The Internet abounds with DIY ideas for tightening loose skin. While some of those measures are good for health in other ways, there’s no strong evidence that exercise, nutrition supplements, or skin creams can make a major difference in the appearance of sagging skin associated with weight loss. Here’s a closer look at the claims:

  • Strength training: Pumping iron is great for muscles but can’t tighten skin directly, Dr. Shafer explains. At most, building muscle mass beneath skin can produce a slight de-sagging effect. “It can stretch out the skin a little bit so it doesn’t look so loose,” he says. Still, given that resistance training is proven to support heart health and bone strength, it might make sense to add some reps to your regular fitness rotation.
  • Topical creams: You can save your money on pricey peptide creams and collagen lotions that claim to increase skin firmness. Topical creams generally aren’t formulated to make a meaningful difference in tautness or elasticity. “The molecule size is way too big to be absorbed where it’s needed,” Dr. Tzu says.
  • Dietary collagen: To date, there’s no definitive evidence that taking a dietary collagen supplement directly results in higher collagen levels in the body’s tissues—or significant differences in overall skin firmness. As Dr. Tzu mentions above, eating an array of protein-rich foods is a more reliable bet (not to mention good for your overall health).
Medical and surgical options for tightening loose skin

If you are interested in exploring medical options for tightening loose skin, it’s best to consult with a board-certified specialist (more on what to look for in a moment) who can advise you on which of several available procedures might be best for your needs. Today’s procedures range from noninvasive to surgical, Dr. Shafer says, with less invasive options generally recommended for people with small areas of skin to address.

  • Noninvasive procedures: Performed on the surface without necessitating incisions or leaving skin raw afterward, these procedures use forms of energy such as radiofrequency or ultrasound to heat skin and spur collagen production. According to the American Academy of Dermatology Association (AAD), such procedures can produce modest tightening with minimal side effects and downtime. Studies are promising, although research is still limited and focused largely on facial skin. You may need multiple treatments for best results.
  • Minimally invasive procedures: Minimally invasive procedures can produce more noticeable results than noninvasive options, according to the AAD. Patients undergoing treatment for larger areas of loose skin may be sedated during minimally invasive procedures, with most needing at least a few days’ downtime afterward. Examples of minimally invasive skin-tightening procedures include laser resurfacing, and radiofrequency targeted to specific areas through small skin incisions.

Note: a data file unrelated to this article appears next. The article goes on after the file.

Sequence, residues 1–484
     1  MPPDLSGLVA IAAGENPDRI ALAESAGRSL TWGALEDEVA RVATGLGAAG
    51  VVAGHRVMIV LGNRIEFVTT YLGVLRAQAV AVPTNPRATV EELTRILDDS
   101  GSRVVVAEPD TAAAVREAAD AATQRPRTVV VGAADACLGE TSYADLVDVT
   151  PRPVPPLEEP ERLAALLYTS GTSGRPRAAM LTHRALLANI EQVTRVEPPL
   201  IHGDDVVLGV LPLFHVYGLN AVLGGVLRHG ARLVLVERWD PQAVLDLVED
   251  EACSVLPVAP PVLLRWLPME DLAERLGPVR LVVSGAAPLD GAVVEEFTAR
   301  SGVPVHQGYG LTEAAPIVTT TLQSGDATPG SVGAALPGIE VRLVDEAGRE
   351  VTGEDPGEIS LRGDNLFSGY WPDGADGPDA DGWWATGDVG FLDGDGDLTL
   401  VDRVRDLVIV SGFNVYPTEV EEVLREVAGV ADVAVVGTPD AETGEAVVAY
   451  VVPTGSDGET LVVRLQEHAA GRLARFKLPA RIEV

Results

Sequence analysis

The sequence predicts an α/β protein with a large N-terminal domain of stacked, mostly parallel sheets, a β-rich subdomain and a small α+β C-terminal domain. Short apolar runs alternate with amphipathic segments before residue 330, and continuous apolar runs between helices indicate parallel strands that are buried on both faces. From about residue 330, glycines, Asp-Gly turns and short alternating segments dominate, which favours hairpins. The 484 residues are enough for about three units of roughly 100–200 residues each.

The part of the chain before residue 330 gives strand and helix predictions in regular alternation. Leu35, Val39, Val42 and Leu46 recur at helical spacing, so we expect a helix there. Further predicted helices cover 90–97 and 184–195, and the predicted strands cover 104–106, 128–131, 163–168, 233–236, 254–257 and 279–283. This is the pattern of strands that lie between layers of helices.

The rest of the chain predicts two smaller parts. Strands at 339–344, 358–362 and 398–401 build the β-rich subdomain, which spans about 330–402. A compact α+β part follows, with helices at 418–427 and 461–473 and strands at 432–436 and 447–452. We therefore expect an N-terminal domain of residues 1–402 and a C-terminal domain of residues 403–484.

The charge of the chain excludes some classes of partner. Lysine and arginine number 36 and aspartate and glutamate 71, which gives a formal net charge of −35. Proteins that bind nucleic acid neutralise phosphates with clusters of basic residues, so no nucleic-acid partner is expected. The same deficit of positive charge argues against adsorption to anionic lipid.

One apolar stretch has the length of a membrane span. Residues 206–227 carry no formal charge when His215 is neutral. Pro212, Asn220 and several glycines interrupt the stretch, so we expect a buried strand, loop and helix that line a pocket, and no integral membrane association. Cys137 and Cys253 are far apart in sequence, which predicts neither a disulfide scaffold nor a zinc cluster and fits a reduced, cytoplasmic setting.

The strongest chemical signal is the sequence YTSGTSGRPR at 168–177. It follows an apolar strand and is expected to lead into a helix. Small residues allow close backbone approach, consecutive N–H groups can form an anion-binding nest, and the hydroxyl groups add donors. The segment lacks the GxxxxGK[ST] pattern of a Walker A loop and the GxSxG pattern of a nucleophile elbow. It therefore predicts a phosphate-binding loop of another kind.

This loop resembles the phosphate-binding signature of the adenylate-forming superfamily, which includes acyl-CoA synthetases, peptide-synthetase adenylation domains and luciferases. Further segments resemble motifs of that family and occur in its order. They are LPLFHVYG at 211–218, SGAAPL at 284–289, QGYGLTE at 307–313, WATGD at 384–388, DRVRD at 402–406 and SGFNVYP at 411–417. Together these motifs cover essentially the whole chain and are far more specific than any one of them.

• Surgical procedures: During skin-removal surgery, a surgeon uses incisions to remove larger amounts of loose skin in areas such as the midsection, breasts, thighs, arms, according to the American Board of Cosmetic Surgery. Surgical skin-removal procedures include lower-body lift, panniculectomy, breast lift, and neck lift. Depending on the extent of surgery—and the area being addressed—recovery could take anywhere from a couple of weeks to more than a month.

If you are considering any treatment for loose skin, consult with a plastic surgeon certified by the Canadian Society of Plastic Surgeons, or a dermatologist certified by the Canadian Dermatology Association. At your appointment, be sure to ask who performs the treatment: It should either be the doctor or a certified technician under direct supervision of the doctor.

The upshot: Loose skin is normal after weight loss

In most cases, skin that sags or appears loose after weight loss poses no health risks and does not require medical treatment, experts tell WW. Though diet and exercise generally won’t make a major difference in terms of tightening skin, measures such as getting regular physical activity, eating a variety of nutritious whole foods, and avoiding unprotected sun exposure can support your overall health and the general integrity of skin. If you are interested in addressing excess skin for cosmetic reasons, consult with a board-certified dermatologist or plastic surgeon to explore which options might be best for achieving the results you desire.

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Heeseung Kim is a freelance writer and editor specializing in health, wellness, and sustainability topics.